How to Paint Your Mobile Home’s Subfloor

Painting your mobile home subfloor is a great way to update your home. Learn how to do it yourself and save money. 

Mobile home remodeling can take a great deal of time, hard work, and money. The aftereffects are definitely worth the effort, but what happens when you are short on cash and time? With some creativity and hard work, it is still possible to take a room to a higher level and accomplish greatness.

When buying a used mobile home one issue many people face is the carpet. Often the carpets are old, worn, and ugly. It may clash with the decor and furniture you already own or are purchasing. Replacing carpets is often the first step chosen in mobile home remodeling.

Removing the Carpet in a Mobile Home

The first step is to rip out the old carpet. To do so, follow these simple steps to remove the carpeting and the padding.

  • Begin at a corner. If one corner is loose, that’s the best place to start. If the corners are all secured tightly, take a small knife or other sharp object and cut the piece large enough to grab.
  • Rip away. While it isn’t necessarily easy work, it can be fun if you keep in mind you are getting rid of an unsightly mess. While ripping the carpet out, work from end to end, rolling the rug as you go.
  • After the carpet is rolled and removed from the room, take up the padding in the same way.
  • Next, remove all the tack strips from the edges. This is a lengthy and mundane process but there is no skipping it. Placing a large screwdriver under the wood and pushing up seems to work best.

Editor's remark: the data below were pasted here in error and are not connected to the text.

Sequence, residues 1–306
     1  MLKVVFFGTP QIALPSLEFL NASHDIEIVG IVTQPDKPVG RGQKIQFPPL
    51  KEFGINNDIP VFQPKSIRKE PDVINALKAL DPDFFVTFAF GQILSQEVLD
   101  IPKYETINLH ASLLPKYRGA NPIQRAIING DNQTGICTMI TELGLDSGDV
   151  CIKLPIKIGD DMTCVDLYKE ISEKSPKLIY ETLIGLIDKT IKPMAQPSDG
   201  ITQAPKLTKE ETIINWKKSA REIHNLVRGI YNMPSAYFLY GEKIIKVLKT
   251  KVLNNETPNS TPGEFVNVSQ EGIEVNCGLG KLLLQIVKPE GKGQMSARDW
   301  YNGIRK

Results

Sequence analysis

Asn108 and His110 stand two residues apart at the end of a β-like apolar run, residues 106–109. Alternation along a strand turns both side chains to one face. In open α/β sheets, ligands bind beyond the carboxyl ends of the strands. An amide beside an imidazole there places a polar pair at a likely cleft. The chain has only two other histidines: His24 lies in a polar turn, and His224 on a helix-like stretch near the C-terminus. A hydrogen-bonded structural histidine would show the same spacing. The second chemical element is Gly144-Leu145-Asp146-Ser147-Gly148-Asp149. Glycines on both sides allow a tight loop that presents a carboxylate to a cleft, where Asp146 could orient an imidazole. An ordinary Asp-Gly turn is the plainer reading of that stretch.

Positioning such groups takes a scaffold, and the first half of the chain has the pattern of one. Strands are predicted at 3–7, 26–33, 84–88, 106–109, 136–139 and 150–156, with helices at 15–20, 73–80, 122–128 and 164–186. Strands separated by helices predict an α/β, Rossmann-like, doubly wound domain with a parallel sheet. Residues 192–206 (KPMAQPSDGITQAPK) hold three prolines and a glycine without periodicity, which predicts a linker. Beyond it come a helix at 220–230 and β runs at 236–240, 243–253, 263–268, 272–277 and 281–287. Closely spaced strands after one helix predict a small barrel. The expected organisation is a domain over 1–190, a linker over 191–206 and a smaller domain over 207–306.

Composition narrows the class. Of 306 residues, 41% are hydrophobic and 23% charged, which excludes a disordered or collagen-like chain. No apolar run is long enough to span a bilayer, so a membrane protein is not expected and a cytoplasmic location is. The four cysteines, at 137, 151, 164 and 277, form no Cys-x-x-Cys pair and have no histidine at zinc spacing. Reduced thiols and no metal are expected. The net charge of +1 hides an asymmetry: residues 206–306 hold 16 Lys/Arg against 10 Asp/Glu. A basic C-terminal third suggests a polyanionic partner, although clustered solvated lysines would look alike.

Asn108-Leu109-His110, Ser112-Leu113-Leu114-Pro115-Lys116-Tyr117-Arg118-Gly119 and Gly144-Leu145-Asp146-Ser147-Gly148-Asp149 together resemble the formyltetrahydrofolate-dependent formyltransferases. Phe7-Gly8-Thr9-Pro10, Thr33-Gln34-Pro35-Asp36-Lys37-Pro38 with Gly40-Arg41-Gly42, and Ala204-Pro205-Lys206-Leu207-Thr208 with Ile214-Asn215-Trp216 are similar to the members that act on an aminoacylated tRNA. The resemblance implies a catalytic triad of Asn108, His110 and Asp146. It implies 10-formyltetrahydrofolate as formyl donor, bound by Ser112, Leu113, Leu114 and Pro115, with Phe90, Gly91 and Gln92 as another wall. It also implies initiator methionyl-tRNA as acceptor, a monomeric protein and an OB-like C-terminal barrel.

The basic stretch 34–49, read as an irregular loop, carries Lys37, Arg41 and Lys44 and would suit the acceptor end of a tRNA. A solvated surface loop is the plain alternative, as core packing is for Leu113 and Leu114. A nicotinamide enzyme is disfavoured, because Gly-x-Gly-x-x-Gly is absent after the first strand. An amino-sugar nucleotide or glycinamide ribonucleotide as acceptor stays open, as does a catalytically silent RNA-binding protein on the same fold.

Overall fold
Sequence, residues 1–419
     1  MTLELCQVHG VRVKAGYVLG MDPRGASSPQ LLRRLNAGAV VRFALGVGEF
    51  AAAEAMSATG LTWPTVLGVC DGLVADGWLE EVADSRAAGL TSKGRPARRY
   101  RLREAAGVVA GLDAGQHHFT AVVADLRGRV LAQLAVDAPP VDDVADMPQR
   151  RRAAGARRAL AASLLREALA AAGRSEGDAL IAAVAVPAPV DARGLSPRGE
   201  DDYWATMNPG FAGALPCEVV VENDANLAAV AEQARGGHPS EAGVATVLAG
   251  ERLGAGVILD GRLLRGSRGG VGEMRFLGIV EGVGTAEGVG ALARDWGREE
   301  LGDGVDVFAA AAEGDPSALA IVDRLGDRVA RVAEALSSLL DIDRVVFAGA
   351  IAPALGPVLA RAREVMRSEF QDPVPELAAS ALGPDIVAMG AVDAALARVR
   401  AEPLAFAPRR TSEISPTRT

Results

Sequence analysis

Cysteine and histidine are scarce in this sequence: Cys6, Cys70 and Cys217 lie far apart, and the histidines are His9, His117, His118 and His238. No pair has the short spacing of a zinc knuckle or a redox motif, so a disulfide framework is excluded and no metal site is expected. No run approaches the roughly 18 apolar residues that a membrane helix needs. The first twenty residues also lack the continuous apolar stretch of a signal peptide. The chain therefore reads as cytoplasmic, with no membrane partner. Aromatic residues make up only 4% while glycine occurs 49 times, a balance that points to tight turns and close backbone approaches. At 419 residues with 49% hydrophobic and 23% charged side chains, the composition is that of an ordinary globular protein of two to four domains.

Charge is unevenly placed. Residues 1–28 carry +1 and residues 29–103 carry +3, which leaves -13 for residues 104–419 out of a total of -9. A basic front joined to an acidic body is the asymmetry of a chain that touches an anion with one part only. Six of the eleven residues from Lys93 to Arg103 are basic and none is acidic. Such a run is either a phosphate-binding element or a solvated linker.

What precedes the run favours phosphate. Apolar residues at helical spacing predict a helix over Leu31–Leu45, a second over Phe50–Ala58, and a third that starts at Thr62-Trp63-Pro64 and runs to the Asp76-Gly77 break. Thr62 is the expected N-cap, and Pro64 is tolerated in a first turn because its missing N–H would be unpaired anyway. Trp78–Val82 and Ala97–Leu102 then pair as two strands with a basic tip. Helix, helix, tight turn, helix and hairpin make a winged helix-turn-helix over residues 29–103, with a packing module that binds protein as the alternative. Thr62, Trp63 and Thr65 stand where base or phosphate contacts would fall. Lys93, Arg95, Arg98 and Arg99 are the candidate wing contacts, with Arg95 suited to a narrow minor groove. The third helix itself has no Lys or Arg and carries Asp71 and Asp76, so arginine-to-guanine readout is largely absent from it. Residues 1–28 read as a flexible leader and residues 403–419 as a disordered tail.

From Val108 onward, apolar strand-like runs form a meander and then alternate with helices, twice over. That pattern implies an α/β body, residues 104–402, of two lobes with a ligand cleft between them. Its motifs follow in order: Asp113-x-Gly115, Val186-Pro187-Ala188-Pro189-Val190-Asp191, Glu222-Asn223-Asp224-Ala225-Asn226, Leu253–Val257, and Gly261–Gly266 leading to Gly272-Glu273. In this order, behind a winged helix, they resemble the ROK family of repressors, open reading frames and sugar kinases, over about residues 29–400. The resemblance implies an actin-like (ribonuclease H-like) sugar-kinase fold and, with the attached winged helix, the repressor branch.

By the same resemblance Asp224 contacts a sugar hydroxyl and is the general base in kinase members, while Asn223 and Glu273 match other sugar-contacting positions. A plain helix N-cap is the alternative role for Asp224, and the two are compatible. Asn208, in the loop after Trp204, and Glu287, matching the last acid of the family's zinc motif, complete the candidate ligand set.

• Once the strips are all removed, you must remove any and all small nails. Again, this is a monotonous task, but an important one.

The last step is sweeping up the dirt and dust remaining. Don’t panic if feel you or someone else is nasty when you find a great deal of sandy dirt. This is normal.

New Flooring Options for your Home

From this point, you have a few options:

1. Have new carpet installed by a professional or do it yourself if you are capable.
2. Have linoleum or ceramic tile laid.
3. Install laminate flooring.
4. Install and finish hardwood.

Related: 4 Popular Questions about Mobile Home Subfloors

Paint Your Mobile Home Subfloor

But what can you do if you have chosen mobile home remodeling, ripped out carpets, and have no extra cash to install new covering? Don’t panic. All is not hopeless.

While it may not be the most fashionable option, painting the subflooring is an option, and often a great one. You can use your creativity here. Pick a color that matches the décor, draw and pain designs, or do anything your heart pleases. Have some fun with it. Get adventurous!

  • To paint subflooring and make it look great and not like a cheap alternative, just follow these simple steps.
  • Sand the subflooring. Make sure there are no splinters sticking up and the floor is relatively smooth.

Paint your mobile home subfloor

  • Using a broom, sweep up all debris.
  • For stubborn spots or ground in dirt, use water and a good cleaner. Before painting the floor needs to be as clean as possible.
  • Begin painting. If you chose to do a design, draw it out before beginning. If your floor will be one color, dive right in. The best way to paint subflooring is with a roller sponge. Make sure all spots are filled in.
  • If needed, after the paint dries apply a second coat.
  • Once the floor is completely dry, apply a good polyurethane. You can choose from a variety of finishes from shiny to dull. This protects the floor from liquids and makes it easier to keep clean.
  • Allow the polyurethane to dry completely.
  • Stand back and admire your work.

Paint your mobile home subfloor

This is a great option if the carpets need to be removed but you aren’t ready to lay down flooring. When you are ready, you can install any flooring you choose over the paint, or you can leave it as it is. The choice is yours.

Most of all, while doing mobile home remodeling, remember to have fun, be creative, and don’t stress out.

As always, thank you for reading Mobile Home Living!

All images and text by T.M. Todorovich

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  1. John tyre says